Names of Persons (i.e. the Index) for Encyclopaedia of Jewish Communities: Slovakia #galicia


Madeleine Isenberg
 

While this message has been forwarded to Hungarian-SIG and
Czech-Austria SIG, people also migrated >from various places in Galicia
into Slovakia, so I thought this would be of interest to you folks also.

To all those with an interest in towns in Slovakia, I undertook a very
lengthy and difficult project to translate and make available on-line the
names of people who might appear in the Pinkas Hakehilot,
Encyclopaedia of Jewish Communities: Slovakia. This is the home page
of this Yizkor Book:
http://www.jewishgen.org/Yizkor/pinkas_slovakia/pinkas_Slovakia.html

The Pinkas Hakehilot, Encyclopaedia of Jewish Communities: Slovakia as
written in its Hebrew version has almost 600 pages and covers over 260
communities. What is written about each of these communities varies
in length. The names of many people appear and may show up in more
than one of these communities.

In many instances since the writers transliterated names into Hebrew
we did not know what the original spelling of the name was and it has
been difficult to "reverse engineer" back to the original spelling of the
name. I have devoted much time and effort to try and determine the
best spelling of that original name. If errors have been made, my
apologies, but if researchers can provide corrections, please contact
Lance Ackerfeld (lance.ackerfeld@gmail.com) so modifications can be
made.

Other things to note: Sometimes references have been made to people
who did not at the time have family names at all. If they were known by
a single first name, these names are listed in parentheses, as example,
(SHIMON), (IZAK/YITZCHAK), or in the case of a king, it might appear as
(HABSBURG). Since many given names appeared to be "Biblical-type"
names, it was not clear if there was a direct translation to another
European version. For instance, someone with a Hebrew name of
Mordechai, might have been a Marcus, Markus, or Marek. In many
instances we simply don't know. So in searching for such names, it helps
to be alerted to these possible variations.

The index of names is presented in two versions:

1. As listed originally per the Hebrew alphabet in the book, but
arranged alphabetically within that Hebrew letter. The most problematic
would be names listed under "Alef" since corresponding secular names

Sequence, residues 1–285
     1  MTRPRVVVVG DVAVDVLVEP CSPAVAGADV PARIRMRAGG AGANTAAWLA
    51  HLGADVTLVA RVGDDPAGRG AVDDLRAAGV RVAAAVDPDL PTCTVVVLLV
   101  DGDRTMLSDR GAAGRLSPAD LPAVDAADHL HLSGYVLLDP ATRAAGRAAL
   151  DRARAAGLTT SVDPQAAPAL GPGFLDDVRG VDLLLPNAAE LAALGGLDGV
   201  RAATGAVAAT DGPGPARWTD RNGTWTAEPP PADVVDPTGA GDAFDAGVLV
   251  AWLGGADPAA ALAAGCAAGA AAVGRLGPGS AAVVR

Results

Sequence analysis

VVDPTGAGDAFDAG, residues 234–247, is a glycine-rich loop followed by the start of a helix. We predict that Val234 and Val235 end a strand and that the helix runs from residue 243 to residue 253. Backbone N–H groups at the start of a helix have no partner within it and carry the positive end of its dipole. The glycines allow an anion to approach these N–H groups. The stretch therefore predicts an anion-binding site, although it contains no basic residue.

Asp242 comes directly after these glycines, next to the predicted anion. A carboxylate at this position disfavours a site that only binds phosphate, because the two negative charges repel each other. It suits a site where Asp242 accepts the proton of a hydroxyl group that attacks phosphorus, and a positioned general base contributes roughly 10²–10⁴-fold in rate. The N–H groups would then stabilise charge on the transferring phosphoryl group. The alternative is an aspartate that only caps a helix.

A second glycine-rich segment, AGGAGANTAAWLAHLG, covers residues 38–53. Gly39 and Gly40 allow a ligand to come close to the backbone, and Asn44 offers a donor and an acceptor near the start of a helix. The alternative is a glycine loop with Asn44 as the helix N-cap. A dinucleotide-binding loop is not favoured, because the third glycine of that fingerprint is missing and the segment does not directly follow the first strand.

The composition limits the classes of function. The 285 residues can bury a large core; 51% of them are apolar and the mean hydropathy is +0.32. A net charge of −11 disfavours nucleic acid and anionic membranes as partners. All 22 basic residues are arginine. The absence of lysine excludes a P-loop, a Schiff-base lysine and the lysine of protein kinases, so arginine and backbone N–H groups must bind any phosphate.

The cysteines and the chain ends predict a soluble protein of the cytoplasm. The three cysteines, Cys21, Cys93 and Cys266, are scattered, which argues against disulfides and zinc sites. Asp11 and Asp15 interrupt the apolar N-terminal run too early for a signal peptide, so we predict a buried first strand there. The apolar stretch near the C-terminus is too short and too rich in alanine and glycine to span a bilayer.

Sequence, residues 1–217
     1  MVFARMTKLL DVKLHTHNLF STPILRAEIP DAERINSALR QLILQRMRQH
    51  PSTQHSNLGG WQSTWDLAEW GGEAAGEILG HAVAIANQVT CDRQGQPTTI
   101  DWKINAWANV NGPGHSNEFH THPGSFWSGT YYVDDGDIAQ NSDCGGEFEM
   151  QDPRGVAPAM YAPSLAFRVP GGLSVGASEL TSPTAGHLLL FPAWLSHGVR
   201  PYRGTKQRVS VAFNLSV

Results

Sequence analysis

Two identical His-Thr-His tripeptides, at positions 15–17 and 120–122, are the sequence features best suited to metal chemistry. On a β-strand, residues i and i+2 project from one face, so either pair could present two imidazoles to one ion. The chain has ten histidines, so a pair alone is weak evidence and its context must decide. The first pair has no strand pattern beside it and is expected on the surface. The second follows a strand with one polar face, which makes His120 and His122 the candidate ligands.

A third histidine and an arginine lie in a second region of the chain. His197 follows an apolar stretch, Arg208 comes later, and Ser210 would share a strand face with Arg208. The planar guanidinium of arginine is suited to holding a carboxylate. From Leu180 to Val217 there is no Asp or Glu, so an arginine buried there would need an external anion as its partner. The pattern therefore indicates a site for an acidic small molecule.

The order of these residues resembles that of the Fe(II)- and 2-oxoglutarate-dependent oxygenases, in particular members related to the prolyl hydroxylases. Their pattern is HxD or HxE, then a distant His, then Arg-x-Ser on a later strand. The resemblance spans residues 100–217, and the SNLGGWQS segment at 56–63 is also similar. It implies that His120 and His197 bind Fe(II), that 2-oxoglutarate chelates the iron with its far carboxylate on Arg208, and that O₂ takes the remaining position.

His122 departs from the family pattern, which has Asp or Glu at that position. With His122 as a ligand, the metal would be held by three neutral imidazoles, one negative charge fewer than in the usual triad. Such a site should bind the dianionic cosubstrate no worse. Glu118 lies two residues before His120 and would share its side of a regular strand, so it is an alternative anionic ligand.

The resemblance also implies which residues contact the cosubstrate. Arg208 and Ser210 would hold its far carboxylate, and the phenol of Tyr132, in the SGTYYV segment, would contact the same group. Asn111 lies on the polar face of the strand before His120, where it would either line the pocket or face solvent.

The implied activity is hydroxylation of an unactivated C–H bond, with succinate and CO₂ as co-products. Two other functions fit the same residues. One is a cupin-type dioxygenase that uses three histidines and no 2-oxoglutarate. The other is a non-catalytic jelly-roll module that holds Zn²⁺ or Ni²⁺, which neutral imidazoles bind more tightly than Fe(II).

could begin with A, E, I, O, or U.

2. As sorted and listed simply according to the English alphabet. To
view this version, there is a PDF
< http://www.jewishgen.org/Yizkor/pinkas_slovakia/files/PinkasSlovakia_IndexOfNames_EnglishAlphabet.pdf >
It is in very small print, so use the tools that let you increase the size to
enable better viewing.

Page numbers, i.e. "Page reference number," refers to the page of the
town within the Encyclopedia. Occasionally, the index included the name
of the town as well as the page. Often this was to distinguish among
people with the same name, but >from different towns. If no town is
listed, check
http://www.jewishgen.org/Yizkor/pinkas_slovakia/Slo065.html
to find which town would be the most likely.

Note: The page numbers in the rightmost column, starting with 569,
are the numbers of the pages in the Hebrew version of the names index.
This might only be important if someone wants to check the Hebrew
version to know how the name was written in Hebrew.

It is our hope that people researching names >from these Slovakian
towns will then be encouraged to help with the translation efforts of
the remaining (as of July 13, 2014) 240 towns.

Happy Hunting!

Madeleine
madeleine.isenberg@gmail.com

Researching: GOLDMAN, STEINER, LANGER, GLUECKSMAN in various
parts of Galicia such as: Nowy Targ, Wachsmund, Dembno, Lapuszna,
Krakow, Poland, who migrated into Kezmarok or nearby towns in
Slovakia. GOLDSTEIN in Abaujszina (Sena), and Kosice, Slovakia;
Tolcsva, Hungary; very briefly in Timisoara, Romania

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